I Can't Love You Right Now

After a year of anticipation, I had my hands on Pokemon Heart-Gold. Unlike everyone else however, I did not have fond memories of the old-school versions.

Having played every iteration of the series since red and blue, gold and silver always seemed like the worst installment. The Pokemon were just weird, unimaginative and as a result, stupid. Don’t believe me? I’m going to prove my point in what is possibly the most irrefutable argument on the face of the planet, and I’m going to do it in a single word. Brace yourself, because I don’t think you’re ready. Really, you’re not.

Okay. Okay okay. You’re going to need to sit down.


Honestly, all I can say is ‘what the christ?’. No, I don’t care it has a crazy good stat. Shuckle is stupid and you know it.


Sure, there were nifty new mechanics which came into play for the G/S generation. Overall it did not make the same impression on me as it did to friends who still hold on to their Gameboys to play G/S.. Of course, we won’t go into the detail that most of my peers never tried anything after that installment, because they fell prey to “growing up” and “growing out of” Pokemon.

Its impossible to cater to people who have crystallized Pokemon in a specific part of their lives. It will forever remain that thing they played when they were kids. The flurry of 500+ Pokemon, double-battles, IVs and EVs all become strange and unwelcome changes. Whatever happened to hyper-beam being ownage and my Charizard being able to clear the elite four by itself? Rationalizing is difficult when you’re dealing with a desire to keep a part of childhood as sweet, innocent and simple as possible. The argument for a better game goes out the window: there is no room for strategy when you can overlevel your (insert favorite useless pokemon here) enough that it doesn’t matter that he’s at a type disadvantage. How this is fun, I’ll never know. But apparently it was that sort of mindless drivel which characterized childhood, mine included.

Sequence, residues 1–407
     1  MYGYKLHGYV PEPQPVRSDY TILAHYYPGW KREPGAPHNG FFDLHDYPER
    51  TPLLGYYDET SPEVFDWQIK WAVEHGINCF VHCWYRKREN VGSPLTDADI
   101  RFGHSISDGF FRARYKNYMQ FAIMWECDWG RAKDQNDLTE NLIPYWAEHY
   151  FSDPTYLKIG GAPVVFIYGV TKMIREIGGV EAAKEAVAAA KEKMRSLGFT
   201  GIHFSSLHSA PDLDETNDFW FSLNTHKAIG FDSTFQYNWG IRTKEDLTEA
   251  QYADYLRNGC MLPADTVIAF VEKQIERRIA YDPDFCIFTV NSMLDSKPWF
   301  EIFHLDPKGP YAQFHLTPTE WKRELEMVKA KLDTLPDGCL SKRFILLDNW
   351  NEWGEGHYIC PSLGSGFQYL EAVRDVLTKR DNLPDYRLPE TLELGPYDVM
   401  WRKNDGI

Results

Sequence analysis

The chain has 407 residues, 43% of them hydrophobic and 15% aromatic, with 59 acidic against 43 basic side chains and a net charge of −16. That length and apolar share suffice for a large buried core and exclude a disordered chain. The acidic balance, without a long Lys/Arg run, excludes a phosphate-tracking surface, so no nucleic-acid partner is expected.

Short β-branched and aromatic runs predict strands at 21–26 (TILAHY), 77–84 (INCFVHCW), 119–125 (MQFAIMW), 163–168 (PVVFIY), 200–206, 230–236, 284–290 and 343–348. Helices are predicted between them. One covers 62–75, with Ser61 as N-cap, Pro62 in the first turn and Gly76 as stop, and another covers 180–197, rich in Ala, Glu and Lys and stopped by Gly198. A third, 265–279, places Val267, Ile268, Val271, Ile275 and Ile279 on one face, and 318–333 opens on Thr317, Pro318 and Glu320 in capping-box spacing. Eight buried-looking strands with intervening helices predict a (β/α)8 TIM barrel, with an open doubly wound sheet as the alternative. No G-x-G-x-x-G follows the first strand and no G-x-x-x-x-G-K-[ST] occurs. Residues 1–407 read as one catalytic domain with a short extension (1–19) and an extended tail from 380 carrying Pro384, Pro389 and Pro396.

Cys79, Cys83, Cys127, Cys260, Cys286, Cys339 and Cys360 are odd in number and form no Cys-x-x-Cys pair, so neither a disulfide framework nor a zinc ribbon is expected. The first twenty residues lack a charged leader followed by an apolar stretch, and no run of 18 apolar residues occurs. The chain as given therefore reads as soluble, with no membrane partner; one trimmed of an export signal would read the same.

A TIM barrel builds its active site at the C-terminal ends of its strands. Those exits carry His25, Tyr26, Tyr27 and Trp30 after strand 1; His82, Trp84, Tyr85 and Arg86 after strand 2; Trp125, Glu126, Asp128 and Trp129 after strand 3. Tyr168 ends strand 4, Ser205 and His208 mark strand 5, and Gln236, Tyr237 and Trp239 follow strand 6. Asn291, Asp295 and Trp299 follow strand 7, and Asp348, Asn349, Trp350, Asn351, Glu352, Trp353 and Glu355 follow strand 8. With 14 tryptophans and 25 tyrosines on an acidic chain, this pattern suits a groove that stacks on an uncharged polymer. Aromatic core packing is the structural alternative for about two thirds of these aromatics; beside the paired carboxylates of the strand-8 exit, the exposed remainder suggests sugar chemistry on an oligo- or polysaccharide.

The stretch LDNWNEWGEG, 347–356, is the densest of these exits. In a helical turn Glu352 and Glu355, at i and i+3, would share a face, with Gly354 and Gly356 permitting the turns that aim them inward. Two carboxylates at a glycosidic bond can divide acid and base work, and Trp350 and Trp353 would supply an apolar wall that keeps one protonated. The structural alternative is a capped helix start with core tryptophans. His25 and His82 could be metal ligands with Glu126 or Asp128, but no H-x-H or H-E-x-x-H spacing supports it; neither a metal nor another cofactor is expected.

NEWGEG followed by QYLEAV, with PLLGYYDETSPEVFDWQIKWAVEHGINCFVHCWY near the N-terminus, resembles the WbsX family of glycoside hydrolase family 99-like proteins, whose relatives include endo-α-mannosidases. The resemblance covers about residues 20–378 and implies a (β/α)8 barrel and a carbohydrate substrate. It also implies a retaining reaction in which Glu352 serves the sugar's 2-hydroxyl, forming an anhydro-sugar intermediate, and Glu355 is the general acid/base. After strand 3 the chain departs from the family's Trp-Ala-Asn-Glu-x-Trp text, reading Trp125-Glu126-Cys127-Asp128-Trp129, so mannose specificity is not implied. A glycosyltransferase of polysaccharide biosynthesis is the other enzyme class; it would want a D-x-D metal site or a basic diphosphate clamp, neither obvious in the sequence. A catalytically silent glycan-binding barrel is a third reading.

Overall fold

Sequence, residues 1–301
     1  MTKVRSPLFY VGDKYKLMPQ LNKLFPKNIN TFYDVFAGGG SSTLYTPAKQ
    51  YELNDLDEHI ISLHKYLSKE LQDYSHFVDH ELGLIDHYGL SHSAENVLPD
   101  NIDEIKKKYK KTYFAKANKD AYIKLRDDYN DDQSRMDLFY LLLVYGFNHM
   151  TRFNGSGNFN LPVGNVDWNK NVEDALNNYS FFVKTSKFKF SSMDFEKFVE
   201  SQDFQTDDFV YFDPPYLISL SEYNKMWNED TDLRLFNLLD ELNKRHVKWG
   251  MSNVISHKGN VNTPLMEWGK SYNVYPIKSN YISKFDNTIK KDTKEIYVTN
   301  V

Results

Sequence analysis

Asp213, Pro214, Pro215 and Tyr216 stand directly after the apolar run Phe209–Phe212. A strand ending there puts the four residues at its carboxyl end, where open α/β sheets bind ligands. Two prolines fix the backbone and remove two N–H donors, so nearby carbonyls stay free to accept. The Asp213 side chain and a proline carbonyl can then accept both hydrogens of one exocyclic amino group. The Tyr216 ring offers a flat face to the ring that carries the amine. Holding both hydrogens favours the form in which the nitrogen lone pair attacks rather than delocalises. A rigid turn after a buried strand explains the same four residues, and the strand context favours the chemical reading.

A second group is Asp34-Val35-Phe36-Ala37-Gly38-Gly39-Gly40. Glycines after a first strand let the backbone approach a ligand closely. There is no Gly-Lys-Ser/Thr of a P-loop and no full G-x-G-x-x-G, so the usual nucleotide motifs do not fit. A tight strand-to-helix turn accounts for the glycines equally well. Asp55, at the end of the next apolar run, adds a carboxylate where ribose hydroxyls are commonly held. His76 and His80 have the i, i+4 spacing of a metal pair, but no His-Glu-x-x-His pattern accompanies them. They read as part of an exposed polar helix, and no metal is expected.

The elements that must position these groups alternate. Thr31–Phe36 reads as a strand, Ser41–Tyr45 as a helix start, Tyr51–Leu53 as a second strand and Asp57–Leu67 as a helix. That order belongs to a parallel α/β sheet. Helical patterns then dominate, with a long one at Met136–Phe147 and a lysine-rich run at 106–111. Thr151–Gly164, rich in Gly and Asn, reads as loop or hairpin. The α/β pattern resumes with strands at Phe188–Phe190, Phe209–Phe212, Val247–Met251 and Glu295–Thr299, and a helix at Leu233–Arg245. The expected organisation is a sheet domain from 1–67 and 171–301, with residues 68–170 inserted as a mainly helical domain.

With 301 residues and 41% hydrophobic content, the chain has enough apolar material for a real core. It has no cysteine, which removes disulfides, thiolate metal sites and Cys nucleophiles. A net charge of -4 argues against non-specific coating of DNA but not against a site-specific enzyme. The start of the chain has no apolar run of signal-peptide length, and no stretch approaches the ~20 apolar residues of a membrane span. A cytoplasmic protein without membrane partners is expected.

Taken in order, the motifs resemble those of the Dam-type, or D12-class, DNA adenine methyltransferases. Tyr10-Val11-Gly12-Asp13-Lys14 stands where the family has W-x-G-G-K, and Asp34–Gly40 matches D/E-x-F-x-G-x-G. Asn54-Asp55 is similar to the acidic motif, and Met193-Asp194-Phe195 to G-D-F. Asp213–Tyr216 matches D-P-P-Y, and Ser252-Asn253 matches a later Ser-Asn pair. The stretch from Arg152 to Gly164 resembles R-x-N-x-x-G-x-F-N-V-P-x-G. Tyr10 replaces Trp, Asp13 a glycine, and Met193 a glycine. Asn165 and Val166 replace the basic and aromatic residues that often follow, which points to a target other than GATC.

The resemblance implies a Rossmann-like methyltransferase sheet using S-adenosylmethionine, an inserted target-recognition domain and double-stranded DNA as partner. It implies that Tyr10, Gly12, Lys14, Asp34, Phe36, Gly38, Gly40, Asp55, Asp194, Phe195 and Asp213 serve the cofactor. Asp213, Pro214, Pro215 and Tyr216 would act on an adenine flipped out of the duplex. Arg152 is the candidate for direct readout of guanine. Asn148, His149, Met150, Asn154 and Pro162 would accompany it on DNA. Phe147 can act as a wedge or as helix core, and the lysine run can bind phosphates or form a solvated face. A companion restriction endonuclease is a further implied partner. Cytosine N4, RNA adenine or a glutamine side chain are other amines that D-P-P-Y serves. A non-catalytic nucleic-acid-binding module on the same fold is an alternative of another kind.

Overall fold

Nonetheless, improvements to the series which were now included in HG/SS made me excited. I booted up the game and picked Totodile, my tried and true starter pokemon who had accompanied me in my previous quest. And sure, the game was quite shiny. Pokemon follow you, isn’t that cute? The Pokewalker seems gimmicky but suddenly everyone found themselves taking more steps just to get extra watts. And the graphical update coupled with all the new mechanics and gameplay from the newer iterations made HG/SS seem like a perfect package….

Only I could not will myself to play it.

Lets take a few steps back. Yes, I too was victim to the mindless Pokemon play-style up until a few years ago. I learned about IV’s and EVs as well as the intricacies of natures about the time Diamond and Pearl came out. Determined to…well, be the very best, I consulted Bulbapedia and Smogon often, in the hopes of making an awesome team. Knowing about these hidden stats made revisiting my adventure worth it.

I could now concoct a bevvy of different Pokemon with original movesets, IV/EV spreads and natures. And that I did, spending hours choosing 6 complementary Pokemon. The ideal would be movesets which were conventional enough to get rid of the usual suspects in the metagame, while also having enough surprises up my sleeve that other players could not always guess my next move. Things went well…for the first couple of weeks. I found the whole ordeal became similar to that infinitude and nothingness you feel when you just can’t fall asleep. Or like getting the life-force sucked out of you and all that’s left is a dusty carcass bundled in a fetal position.